Dialogue in Hell between Machiavelli and Montesquieu

Fourteenth Dialogue

Machiavelli: I have already said many times, and I will repeat it again, that I do not need to create everything, to organize everything; I find a large part of the instruments of my power in the already existing institutions.[1] Do you know what the constitutional guarantee is?

Montesquieu: Yes, and I am sorry, because -- without wanting to do so -- I have taken away a surprise that perhaps you wanted to spring on me with the skillfulness of staging that is proper to you.

Machiavelli: What are you thinking?

Montesquieu: I think that, at least in the France of which you seem to want to speak, it is true that this is a law of circumstance that must be modified, if not completely removed, under a regime of constitutional liberty.

Machiavelli: In find you very moderate on this point. According to your ideas, it is simply one of the most tyrannical restrictions in the world. Why? When private citizens are injured by government agents during the exercise of their official functions, and when they haul these agents into court, the judges must respond to the plaintiffs: "We cannot render you justice, the door to the court is closed: go demand authorization from the administration to prosecute its functionaries." But this would be a real denial of justice. How many times would a government have to authorize such prosecutions?

Montesquieu: What makes you complain? It seems to me that this would suit your affairs very well.

Machiavelli: I have only said this to show you that, in the States in which the action of justice encounters such obstacles, a government would not have anything to fear from the courts. It is always as transitional arrangements that one inserts such exceptions into the law, but once the period of transition passes, the exceptions remain, and rightly so, because when order reigns, they do not inconvenience, but when it is troubled, they are necessary.

This is another modern institution that serves the efficacy of the action of centralized power: the creation of a great magistracy surrounding the courts, which you call the Public Ministry and that, with much more reason, one previously called the Ministry of the King, because this function is essentially removable and revocable at the liking of the prince. I do not need to tell you the influence of this magistracy on the courts around which they sit: it is considerable. Remember all this. Now I must speak to you of the court of cassation, about which I have restrained myself from speaking and which would play a considerable role in the administration of justice.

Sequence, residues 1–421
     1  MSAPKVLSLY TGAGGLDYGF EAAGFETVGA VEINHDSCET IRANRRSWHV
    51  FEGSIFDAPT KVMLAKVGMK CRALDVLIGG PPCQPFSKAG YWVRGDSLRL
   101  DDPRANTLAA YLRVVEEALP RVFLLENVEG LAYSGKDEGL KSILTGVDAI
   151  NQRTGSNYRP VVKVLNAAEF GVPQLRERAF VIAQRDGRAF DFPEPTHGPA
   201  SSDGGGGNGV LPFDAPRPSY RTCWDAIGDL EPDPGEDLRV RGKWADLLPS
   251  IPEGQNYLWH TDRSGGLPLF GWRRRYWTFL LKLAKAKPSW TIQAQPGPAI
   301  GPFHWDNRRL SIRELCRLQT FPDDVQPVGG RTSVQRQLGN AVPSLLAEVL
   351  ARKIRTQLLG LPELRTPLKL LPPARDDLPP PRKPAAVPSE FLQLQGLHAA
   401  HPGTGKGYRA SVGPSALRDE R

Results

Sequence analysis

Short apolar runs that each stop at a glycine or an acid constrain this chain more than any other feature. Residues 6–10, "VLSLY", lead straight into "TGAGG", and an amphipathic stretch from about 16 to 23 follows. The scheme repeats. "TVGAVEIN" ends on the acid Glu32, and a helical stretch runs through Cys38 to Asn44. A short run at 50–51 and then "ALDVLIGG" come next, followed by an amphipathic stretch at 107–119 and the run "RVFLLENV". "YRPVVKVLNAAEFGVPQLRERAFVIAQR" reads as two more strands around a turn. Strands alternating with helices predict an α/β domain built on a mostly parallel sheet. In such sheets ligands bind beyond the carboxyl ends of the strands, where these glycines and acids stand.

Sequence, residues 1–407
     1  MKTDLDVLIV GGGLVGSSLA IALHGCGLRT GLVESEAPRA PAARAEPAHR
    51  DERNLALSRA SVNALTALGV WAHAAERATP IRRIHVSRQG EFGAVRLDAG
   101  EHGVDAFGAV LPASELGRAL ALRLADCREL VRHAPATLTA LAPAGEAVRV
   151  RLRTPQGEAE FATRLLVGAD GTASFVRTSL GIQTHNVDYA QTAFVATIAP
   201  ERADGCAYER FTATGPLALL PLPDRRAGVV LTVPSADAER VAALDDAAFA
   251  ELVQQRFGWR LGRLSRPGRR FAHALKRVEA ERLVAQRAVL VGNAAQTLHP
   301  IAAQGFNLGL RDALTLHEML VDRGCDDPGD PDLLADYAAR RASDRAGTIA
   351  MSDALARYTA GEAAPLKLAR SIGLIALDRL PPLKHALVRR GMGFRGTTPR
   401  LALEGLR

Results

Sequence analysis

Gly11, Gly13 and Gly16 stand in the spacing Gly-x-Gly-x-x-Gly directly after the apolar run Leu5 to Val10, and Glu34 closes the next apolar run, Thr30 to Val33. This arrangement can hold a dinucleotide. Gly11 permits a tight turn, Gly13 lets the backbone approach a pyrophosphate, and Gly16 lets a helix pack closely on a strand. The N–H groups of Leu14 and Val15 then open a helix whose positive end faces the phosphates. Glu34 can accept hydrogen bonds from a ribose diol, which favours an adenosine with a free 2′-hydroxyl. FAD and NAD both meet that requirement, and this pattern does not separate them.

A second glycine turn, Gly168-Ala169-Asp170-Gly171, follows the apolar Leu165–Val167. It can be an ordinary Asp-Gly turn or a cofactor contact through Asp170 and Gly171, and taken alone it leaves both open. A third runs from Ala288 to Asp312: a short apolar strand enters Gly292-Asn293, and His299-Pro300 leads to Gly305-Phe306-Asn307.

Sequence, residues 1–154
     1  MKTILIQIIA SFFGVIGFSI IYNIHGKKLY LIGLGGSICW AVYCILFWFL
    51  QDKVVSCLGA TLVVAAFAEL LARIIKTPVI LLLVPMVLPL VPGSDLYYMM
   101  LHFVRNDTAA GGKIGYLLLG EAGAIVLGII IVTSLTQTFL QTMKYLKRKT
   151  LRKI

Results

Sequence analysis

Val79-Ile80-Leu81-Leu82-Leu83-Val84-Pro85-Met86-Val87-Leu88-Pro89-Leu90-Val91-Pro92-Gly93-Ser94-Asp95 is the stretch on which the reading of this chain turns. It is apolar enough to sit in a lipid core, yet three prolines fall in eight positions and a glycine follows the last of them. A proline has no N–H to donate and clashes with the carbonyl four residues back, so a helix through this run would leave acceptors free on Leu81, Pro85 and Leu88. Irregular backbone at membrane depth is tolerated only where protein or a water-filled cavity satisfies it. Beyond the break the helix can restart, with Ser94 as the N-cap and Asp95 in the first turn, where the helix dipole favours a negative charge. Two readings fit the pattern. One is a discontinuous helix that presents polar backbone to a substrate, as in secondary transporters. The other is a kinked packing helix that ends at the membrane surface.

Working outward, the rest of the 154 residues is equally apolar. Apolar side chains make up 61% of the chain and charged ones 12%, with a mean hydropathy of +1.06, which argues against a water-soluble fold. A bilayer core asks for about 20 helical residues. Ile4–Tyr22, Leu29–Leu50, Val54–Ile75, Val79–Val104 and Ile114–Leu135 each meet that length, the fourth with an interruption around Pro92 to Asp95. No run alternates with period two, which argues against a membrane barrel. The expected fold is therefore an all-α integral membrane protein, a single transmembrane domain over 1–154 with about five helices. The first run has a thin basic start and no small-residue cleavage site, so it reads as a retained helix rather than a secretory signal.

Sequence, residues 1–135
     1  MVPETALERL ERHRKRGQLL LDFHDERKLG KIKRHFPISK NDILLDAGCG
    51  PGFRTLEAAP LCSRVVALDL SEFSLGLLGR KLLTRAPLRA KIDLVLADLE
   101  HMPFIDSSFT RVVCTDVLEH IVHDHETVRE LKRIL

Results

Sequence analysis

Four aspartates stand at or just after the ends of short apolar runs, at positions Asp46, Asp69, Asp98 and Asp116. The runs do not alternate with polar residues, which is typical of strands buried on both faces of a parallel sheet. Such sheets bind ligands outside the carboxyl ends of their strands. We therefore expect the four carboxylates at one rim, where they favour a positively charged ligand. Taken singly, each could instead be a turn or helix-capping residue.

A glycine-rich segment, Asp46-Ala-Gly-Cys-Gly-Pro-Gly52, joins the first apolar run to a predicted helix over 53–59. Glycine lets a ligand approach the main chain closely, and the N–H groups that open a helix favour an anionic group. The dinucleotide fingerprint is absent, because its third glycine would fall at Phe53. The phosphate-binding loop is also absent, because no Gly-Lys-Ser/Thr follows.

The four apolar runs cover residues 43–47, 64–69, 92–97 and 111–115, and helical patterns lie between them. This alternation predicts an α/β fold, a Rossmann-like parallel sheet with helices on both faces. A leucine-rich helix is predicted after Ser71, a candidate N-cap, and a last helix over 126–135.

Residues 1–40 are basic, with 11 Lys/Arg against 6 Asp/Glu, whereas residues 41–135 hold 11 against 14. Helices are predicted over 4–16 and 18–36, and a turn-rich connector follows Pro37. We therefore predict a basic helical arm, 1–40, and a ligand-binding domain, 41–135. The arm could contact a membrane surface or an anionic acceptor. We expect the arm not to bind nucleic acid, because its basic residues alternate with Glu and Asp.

The court of cassation is more than a judicial body: in a certain way it is a fourth power in the State, because to it belongs the last word in fixing the meaning of the law. So I will repeat here what I believe I told you with respect to the Senate and the Legislative Assembly: an equal court of justice that would be completely independent of the government could -- by virtue of its sovereign and nearly discretionary power of interpretation -- overthrow the government when it wanted to do so. For this, it would suffice for it to systematically curtail or extend (where liberty is concerned) the dispositions of the laws that rule the exercise of political rights.

Montesquieu: And, apparently, you would demand the contrary?

Machiavelli: I would demand nothing of it; it would do on its own what is fitting for it to do. Because here the different influences of which I spoke to you earlier would most strongly compete. The closer the judge is to power, the more he belongs to it. The conservative spirit of the reign would develop here to a much greater degree than anywhere else, and the higher laws of the political police would receive -- at the heart of this great assembly -- an interpretation so favorable to my power that I could do without a crowd of restrictive measures that would be necessary without it.

Montesquieu: Listening to you speak, one could truly say that the laws are susceptible to the most fantastic interpretations. Is it that the legislative texts are not clear and precise? Can they loan themselves to the extensions or restrictions that you have indicated?

Machiavelli: I would not have the pretense of teaching jurisprudence to the author of the Spirit of the Laws, to the experienced magistrate who rendered so many excellent decrees. There is no text, no matter how clear it is, that cannot accommodate the most contrary solutions, even in pure civil rights; but I beseech you to note that we deal with political matters here. Therefore, it is a common habit among legislators of all eras to adopt in some of their arrangements a quite elastic phrasing so that they can, according to circumstances, serve to govern cases or introduce exceptions, the precise explication of which would not be prudent.

I know perfectly well that I must give you examples, because without them my propositions will appear too vague to you. The difficulty for me will be to find one of sufficient generality to allow me to dispense with going into details. Here is one example for which I have a preference, since we touched upon it a little while ago.

Speaking of the constitutional guarantee, you said that this law of exception would have to be modified in free countries.

So, I will suppose that this law exists in the State that I would govern; I will suppose that it has been modified; thus I can imagine that, previous to my ascension, a law had been promulgated that allowed the prosecution of government agents concerning electoral matters without the authorization of the Council of State.